Also what does a broken bolt have to do with an interference fit bearing in a housing, I fail to see the comparison there
Controlling or preventing the separation of parts that radially expand at different rates requires some serious tensile strength.The Loctite needs to either pull the housing radially to a smaller size,or pull the bearing to the larger size of the housing.
This is not a small amount of tension.It wouldn't be much different to Loctiting a broken bolt back together and expecting it to hold tension.It wouldn't be much different to Loctiting a bolt head to the roof and expecting it to hold up a 1000 lb weight.
30 years ago it was thought that Loctite could be used to fix loose bearings in Vincents. It never worked, as the stresses appear to be beyond the strength limits of the Loctite.
I tried it on a B40 driveside bearing 25 odd years ago and it did not work, my guess is that the differential expansion between the steel bearing in an alloy case destroys the loctite grip over a number of heat cycles and the bearing spins again. The bearing was definitely solid in the cases when fitted but dropped out when the cases were split 1000 miles later.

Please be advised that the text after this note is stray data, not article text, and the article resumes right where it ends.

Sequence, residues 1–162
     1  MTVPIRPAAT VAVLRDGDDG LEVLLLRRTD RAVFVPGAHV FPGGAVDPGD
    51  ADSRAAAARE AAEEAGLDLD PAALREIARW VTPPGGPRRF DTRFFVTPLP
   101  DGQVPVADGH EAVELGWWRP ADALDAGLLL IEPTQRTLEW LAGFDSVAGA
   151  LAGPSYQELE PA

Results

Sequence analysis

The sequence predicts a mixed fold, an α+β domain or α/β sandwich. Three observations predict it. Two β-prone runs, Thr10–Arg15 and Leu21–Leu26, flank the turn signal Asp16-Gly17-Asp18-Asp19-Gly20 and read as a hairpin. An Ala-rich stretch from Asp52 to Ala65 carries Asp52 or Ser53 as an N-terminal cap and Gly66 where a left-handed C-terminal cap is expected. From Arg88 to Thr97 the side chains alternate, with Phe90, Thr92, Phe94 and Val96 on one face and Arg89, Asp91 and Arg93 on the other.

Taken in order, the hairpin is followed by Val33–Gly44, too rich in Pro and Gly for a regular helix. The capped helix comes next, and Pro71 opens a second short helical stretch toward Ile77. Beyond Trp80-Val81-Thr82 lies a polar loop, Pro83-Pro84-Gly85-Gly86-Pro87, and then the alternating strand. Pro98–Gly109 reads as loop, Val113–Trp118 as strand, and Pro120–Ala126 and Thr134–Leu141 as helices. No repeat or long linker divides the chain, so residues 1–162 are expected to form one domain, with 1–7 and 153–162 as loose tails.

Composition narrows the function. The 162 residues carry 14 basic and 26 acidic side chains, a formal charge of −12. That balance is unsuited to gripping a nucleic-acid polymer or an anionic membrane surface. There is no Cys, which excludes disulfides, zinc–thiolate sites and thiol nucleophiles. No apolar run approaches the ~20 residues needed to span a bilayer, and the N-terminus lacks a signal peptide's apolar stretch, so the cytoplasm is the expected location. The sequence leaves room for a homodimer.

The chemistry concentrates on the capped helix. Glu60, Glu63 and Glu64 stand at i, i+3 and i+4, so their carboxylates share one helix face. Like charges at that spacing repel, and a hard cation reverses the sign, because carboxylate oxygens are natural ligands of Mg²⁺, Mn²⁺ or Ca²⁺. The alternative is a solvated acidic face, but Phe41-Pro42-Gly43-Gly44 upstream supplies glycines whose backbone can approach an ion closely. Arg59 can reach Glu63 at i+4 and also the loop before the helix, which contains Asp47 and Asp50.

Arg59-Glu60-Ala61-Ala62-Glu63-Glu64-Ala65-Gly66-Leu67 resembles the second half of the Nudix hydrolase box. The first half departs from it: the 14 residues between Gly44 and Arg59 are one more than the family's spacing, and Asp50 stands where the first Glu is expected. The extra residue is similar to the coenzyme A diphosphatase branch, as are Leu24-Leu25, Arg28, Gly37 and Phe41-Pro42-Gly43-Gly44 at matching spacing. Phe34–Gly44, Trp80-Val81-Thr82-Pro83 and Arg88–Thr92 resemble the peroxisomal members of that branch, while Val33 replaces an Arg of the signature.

Davy: The fact that you were successful using Loctite green, and you didn't experience the same problems as has been talked about in the other post, bearing locking up, is also anecdotal. While our friend, who's being locked up, could have got a bearing at the lower limint of pre-fit internal clearance, you on the other hand could have got a bearing that was at the high (loose) limit of pre-fit clearance. What I am saying is I'm my experience repairing Vincent crankcases with loose main bearings, and most are, that people who tried to repair them with Loctite products were not successful. I have done more than 25 cases over the years, as well as my mentors who have done a lot more, and we find that repairing the crankcase to renew the original interference fit by sleeving has proved, with time, to be a satisfactory repair. For the inner bearings I use a steel sleeve often seen in Matchless engines retained by three screws. I just sleeved a brand new Vincent crankcase, bought from a noted British supplier of such things, that found its way into the American box where the outside, timing side bearing had .050" clearance and the two inner bearings had less than .001". Now you would assume that the timing cover would be near parallel with the crankcase parting halves, but it wasn't, but that's another story.